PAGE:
Construction: paper

Sphere #2, Teresa Redden, 2010
archival paper, glue, 2” round
Photo courtesy of Catherine Person Gallery

A few months back I wrote about artists in Seattle and New York using paper and skin interchangeably. I didn't think the use of paper as a metaphor for human experience would inspire me again so soon. But then again, it's not so often I see a show as well curated as PaperWeight at Catherine Person this month. The title is more than a witty self-antonym, it accurately describes the emotional, religious and philosophical weight of the works.

The show very quickly leaves the page and moves into the third dimension. I was glad for this, the flat works didn't have the same presence as the sculptural pieces. Rachel Illingworth and Jeffrey Bishop's two-dimensional pieces disappeared along side the sculptures. Rachel's works neither referenced their materiality, nor did they evoke any sort of social or emotional weight. Jeffrey's bizarre distortions of ink and oil incorporating sparing amounts of text were, to his advantage, collated with Bo Choi's bible sculptures along the south wall. The pairing of Jeffrey and Bo's bodies of work was smart: they both invite you to read the illegible, in written word and in form, but I was lost to the subject matter of Jeffrey's work.

Transcend, Lynne Saad, 2005
Mixed media on oversize playing cards, 33.5 "x 30.5" framed

Photo courtesy of Catherine Person Gallery

The late Lynne Saad's quilted paintings on paper approached what seemed like a sincere autobiography and then they backed away shyly - I couldn't dive into her work, there were just too many subtle half-stories. But the materials and the process were enough to impart a narrative that kept me searching, trying to locate a plot or at least a main character to the dizzying grid of pictograms.

Bo Choi's sculptures are a different story, literally. Soaked in meaning, her piece Let Us is a thirty-four foot weaving of Old Testamant text. I originally saw the piece hanging vertically from the high vault of the CMA Gallery in the spring of 2009. It was biblical. Now it presses into the pedestal like coiled guts. I asked Bo what this piece meant to her.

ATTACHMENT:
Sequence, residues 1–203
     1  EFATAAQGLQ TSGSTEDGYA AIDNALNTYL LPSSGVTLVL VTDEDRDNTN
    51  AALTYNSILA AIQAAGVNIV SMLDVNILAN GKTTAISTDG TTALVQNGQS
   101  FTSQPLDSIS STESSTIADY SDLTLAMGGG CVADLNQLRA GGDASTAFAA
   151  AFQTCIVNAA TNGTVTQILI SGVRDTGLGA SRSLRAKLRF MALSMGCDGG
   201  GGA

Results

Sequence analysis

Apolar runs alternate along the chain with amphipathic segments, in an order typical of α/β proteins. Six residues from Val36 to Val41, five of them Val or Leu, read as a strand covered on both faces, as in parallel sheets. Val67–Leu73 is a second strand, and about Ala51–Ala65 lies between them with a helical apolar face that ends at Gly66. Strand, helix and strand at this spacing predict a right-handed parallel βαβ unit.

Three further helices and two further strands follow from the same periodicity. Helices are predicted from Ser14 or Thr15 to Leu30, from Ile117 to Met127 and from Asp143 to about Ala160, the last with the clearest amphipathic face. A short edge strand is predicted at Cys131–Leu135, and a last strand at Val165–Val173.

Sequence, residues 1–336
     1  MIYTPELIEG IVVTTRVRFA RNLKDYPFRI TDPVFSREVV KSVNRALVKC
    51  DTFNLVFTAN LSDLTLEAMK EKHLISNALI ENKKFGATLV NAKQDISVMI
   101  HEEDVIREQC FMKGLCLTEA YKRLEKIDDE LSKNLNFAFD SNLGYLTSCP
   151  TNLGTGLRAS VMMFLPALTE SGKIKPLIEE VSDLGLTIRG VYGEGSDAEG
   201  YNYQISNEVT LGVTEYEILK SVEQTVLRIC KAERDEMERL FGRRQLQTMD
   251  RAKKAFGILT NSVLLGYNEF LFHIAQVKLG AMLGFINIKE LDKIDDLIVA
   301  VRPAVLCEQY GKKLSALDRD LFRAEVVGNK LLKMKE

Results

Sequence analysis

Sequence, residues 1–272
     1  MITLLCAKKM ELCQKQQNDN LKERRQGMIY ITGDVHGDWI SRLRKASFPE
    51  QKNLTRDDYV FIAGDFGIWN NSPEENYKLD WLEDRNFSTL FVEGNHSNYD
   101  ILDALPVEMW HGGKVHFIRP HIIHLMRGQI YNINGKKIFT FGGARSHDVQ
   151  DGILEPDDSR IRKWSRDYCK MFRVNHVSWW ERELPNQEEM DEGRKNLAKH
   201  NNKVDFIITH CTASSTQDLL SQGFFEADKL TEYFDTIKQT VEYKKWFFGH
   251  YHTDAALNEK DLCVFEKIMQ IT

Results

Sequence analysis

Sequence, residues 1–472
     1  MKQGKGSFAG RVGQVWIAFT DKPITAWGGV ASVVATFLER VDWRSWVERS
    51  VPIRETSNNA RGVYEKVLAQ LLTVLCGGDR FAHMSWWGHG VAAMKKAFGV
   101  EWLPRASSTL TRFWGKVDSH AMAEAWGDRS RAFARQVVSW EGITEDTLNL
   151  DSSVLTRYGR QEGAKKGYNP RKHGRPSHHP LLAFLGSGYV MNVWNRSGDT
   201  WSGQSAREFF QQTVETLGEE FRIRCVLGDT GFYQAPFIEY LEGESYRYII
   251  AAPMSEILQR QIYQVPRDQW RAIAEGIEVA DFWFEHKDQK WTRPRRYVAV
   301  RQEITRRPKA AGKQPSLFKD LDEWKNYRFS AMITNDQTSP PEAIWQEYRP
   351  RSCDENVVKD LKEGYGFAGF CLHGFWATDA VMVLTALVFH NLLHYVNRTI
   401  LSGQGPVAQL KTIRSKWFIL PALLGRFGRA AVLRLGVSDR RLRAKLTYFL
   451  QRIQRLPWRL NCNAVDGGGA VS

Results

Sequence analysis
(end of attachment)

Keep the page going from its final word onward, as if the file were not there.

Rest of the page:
Let Us, Bo Young Choi 2009
Woven Bible pages (Old Testament), 1" x 408"

Photo courtesy of Catherine Person Gallery

"I destroy the bible and then rebuild it" she said. Bo grew up Catholic and "never had freedom"; but always had to "wake up at the same time, pray, go to church" and "feel guilty saying bad things". Bad things indeed - I wonder what the discrepancy is between how badly she felt while destroying the bible and how badly she felt she was supposed to feel about destroying it. Did her personal discomfort match the imagined societal anxiety over bible molestation? In a small way Bo is a Martin Luther; deconstructing and piecing her faith into a personal language for herself as a visual artist. "This piece is about reconstructing, recreating from my own understanding" and "rebuilding a relationship with God". Her sequel Bible Knitting reiterates her point and nothing is lost in translation.

Bible Knitting, Bo Young Choi, 2010
Knit Bible pages (Old Testament), 13" h x 2" w x 3" d
Photo courtesy of Catherine Person Gallery


Three Musketeers, Justin Lytle, 2010
wood, brass on altered book
Photo courtesy of Catherine Person Gallery

Justin Lytle continues this thread of translation, but in a much more sensational manner. His altered book sculptures are explosive and blunt. Three Musketeers is a cut and unraveled book of the same title, wound into three columns holding the book aloft, conjuring a toast of the three swordsmen. To be sure, his execution can be excessively blunt: the book Surprise for Timmy seated on a little chair, Napoleon's pages disemboweled and bleeding. Yet, the theatrics are refreshing, compared to the underwhelmings of other conceptual book art (no offense Tim Rollins + KOS). As Justin said to me, "A book wants to stand out". They do.

Napoleon, Justin Lytle, 2010
wood, brass, soft pastel on altered book, 76” x 28” x 18”
Photo courtesy of Catherine Person Gallery


On slender pedestals, lying still beneath the viscera of Napoleon are three tiny geometric shapes. I always take pause before using the word "beautiful" in any of my writing, but there is no other word to effectively describe Teresa Redden's airy, gossamer figures (okay I found a couple words). A mix between lace, chain-mail and the negative spaces of a hole puncher, Teresa interlocks miniscule paper rings to build the simplest of forms: cylinder, sphere, cone.

Cylinder #5, Teresa Redden, 2010
Archival Paper, Glue, 1.625" x 1.625" x 2.125"
Photo courtesy of Catherine Person Gallery

Sphere #2, Teresa Redden, 2010
archival paper, glue, 2” round
Photo courtesy of Catherine Person Gallery

"People underestimate the power of pattern" she told me. And if the alliteration in that particular sentence was not evidence enough, she continues, "There are three types of pattern: repetitive, additive and hypotactic". Repetitive continues a pattern, additive compiles more patterns onto an existing one and hypotactic is just chaos. I tried to follow all of this and keep my eyes from crossing as she explained that these patterns are representative of every single thing in our lives. "It's as simple as that" she says. Heavy stuff, really.

'Cone', Teresa Redden, 2003,
Archival paper, glue, 2"x1.75"
Photo courtesy of Catherine Person Gallery

Paper weight is up through March 27th at Catherine Person Gallery.